More Mental Kass-turbation About the Lake Shore Drive Divvy Rider

Some Streetsblog Chicago readers have argued that we shouldn’t take the bait when Tribune writer John Kass writes one of his trademark “little bike people” rants, calculated to stir up controversy and rack up pageviews. That’s a valid viewpoint, but since Kass has such a bully pulpit as a columnist for the region’s highest-circulation newspaper, I feel that his outrageously inaccurate statements about cycling need to be addressed.

Recently, James Burns posted a video, showing a lost, terrified woman riding a Divvy bike in the middle of Lake Shore Drive, on YouTube, where it has gone viral with more than 88,000 views. As Burns rode past the bicyclist in a car, instead of rolling down the window and asking if she needed help, he and the female driver laughed at the poor woman, and Burns repeatedly called her a “stupid b—-.”

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Screenshot from the original YouTube video by James Burns.

Of all the cold-hearted responses to the clip from commenters, bloggers, and even 42nd Ward Alderman Brendan Reilly, who blasted the cyclist while ignoring Burns’ callousness, a new John Kass YouTube clip is one of the worst. “Did you see that video of that moron driving a Divvy Bike down Lake Shore Drive, or whatever they called her, ‘bleep!’” he asks Trib reporter Jenniffer Weigel. Instead of scolding Burns for failing to offer help and instead verbally abusing the cyclist, Kass actually defends him, arguing that, since he wasn’t filming while driving, Burns did nothing wrong.

“This is the problem with the Divvy bikes, with all the bikes,” Kass says in the video. “This is a city made for people who want to go from point A to point B. This is not some Seattle coffee, grunge, pothead experiment. This is Chicago… Shut the whole Divvy bike thing down. Get off Dearborn. I’m tired of you people.”

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Divvy Riders on Wells Street Friday. Photo: John Greenfield

It’s pretty odd that Kass, a guy who lives in the western suburbs, keeps telling us how to run our city. And, unfortunately, Chicago is not currently a place made for people who want to get from one place to another in the most efficient way possible. Instead, for most of the 20th Century, Chicago was transformed at all costs into a city built around the automobile, an extremely inefficient, destructive way to move people in an urban area. This is evidenced by the evolution of Lake Shore Drive from its origins as a pleasant boulevard into a de-facto superhighway, not to mention the destruction of thousands of homes to build the city’s expressways.

Bike-share is all about getting people where they want to go quickly and cheaply. For example, if you take Metra in from the ‘burbs to work, a $75 annual Divvy membership costs only pennies a day, and the bikes are a speedy way to get from the train station to your office, possibly faster than a bus or a cab stuck in traffic. Along with initiatives like protected bike lanes and bus rapid transit, bike share is a key part of the city’s current push to help Chicagoans get from point A to point B as efficiently as possible.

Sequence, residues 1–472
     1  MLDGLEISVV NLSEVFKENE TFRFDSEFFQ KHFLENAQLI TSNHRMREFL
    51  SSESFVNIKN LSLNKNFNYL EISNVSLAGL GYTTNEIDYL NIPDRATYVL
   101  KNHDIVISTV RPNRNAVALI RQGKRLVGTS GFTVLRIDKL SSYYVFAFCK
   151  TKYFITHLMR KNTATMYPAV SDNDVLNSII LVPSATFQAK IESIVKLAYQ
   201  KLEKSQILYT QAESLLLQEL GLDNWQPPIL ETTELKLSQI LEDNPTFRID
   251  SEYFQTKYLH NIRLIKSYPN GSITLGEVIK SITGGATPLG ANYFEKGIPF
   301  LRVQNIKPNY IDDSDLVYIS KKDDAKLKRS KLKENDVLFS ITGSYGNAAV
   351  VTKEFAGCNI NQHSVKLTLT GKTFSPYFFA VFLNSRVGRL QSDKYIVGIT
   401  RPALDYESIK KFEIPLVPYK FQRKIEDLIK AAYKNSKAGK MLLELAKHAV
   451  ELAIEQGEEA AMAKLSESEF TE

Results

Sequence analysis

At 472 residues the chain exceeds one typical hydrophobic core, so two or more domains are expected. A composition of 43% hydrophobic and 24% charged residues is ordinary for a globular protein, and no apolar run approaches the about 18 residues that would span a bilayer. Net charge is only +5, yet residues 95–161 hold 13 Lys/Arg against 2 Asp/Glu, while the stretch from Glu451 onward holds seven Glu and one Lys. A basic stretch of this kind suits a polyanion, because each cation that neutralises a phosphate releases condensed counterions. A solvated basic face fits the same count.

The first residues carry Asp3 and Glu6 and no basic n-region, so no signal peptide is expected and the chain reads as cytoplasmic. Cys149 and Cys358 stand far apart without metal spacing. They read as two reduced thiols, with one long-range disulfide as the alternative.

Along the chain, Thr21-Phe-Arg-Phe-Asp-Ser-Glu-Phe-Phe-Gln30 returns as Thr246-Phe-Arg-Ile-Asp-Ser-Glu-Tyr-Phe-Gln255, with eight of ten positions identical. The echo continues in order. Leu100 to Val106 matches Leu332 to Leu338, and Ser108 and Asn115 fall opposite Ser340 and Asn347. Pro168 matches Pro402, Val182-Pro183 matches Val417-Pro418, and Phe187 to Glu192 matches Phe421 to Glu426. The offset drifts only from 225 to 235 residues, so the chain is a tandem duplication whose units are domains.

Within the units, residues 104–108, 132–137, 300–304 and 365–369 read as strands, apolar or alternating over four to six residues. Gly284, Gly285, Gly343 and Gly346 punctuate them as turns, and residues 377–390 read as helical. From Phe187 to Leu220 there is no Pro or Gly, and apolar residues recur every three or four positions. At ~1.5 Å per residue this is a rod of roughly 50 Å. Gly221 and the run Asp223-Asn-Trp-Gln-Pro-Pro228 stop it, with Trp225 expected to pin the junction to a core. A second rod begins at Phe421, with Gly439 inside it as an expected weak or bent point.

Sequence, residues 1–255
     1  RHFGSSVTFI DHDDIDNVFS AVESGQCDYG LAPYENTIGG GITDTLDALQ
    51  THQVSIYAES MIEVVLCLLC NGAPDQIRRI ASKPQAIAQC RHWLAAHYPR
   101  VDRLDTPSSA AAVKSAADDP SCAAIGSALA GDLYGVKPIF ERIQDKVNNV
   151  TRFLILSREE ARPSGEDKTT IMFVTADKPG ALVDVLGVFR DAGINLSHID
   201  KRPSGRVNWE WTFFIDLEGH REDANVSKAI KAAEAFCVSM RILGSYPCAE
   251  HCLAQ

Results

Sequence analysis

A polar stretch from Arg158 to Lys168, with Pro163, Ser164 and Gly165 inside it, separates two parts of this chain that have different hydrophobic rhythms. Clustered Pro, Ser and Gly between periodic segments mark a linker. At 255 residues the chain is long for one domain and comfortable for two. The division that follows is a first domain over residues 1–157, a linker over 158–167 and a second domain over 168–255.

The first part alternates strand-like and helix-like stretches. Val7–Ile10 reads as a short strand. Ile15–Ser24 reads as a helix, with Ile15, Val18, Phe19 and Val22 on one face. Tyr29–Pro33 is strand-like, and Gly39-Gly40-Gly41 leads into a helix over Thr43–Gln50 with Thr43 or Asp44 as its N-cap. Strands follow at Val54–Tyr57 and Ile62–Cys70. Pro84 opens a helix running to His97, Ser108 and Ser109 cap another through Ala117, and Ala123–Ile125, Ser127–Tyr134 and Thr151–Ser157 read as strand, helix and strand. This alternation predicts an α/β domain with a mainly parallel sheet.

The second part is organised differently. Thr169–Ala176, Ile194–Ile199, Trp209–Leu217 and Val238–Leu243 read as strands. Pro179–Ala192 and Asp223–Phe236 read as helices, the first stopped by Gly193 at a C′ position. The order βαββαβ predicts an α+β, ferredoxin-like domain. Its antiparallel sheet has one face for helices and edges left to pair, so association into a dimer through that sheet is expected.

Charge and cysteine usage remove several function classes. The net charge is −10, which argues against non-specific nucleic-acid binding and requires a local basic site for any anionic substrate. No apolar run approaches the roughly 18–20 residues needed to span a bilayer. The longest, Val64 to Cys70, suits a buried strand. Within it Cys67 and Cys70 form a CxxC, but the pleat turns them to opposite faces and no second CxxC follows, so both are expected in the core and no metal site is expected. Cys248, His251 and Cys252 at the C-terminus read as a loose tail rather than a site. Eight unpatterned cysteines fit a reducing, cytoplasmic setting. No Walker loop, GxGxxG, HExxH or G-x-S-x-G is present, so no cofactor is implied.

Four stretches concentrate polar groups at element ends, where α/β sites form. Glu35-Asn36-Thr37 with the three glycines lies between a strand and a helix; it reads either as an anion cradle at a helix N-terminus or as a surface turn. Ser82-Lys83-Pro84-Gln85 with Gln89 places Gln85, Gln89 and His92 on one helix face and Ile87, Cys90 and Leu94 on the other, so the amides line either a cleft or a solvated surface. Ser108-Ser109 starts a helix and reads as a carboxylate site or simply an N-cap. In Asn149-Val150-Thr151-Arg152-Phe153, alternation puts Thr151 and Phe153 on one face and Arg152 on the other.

“I’ve tried to give it up, I tried to be nice for a while,” Kass says in the clip. Presumably he’s referring to the blessed gap in his anti-bike columns from May to August of this year, after dooring survivor Dustin Valenta called him out for implying that motorists shouldn’t be held responsible for opening car doors on bicyclists. However, Kass claims that recent flack from cyclists on the Tribune’s letters page gives him no choice but to resume bike-baiting. “It’s like starting a war,” he says. “You want to dance, let’s dance.” As long as he keeps broadcasting misinformation about cycling to hundreds of thousands of readers, Streetsblog will continue to keep step.

  • Reader

    “This is Chicago,” said John Kass, ignoring the number of Chicagoans who are injured or killed by drivers who wind up where they don’t belong every week. Because, you know, that’s also Chicago.

  • Adam Herstein

    Imagine if instead of telling the bikers that they deserve to get killed and should leave town, he was referring some minority racial group. It’s not much different. This mindless, hateful bigotry needs to stop.

  • Chicagio

    “This is Chicago”

    How would he know?

    “This is a city made for people who want to go from point A to point B”

    I don’t even know what this means. Aren’t all cities made that way? What’s the alternative? Isn’t anytime a person moves from one location to another, aren’t the just going from one point to another point? Where are point ‘A’ and ‘B’? Do they serve beer? Point A and Point B sounds like some sort of an avant garde bar chain.

    Any chance Kass is actually a high-brow performance artist along the lines of an Andy Kaufman? I mean, he’s turned trolling into a career.

  • Fred

    So true. His use of the phrase “you people” really reinforces your point.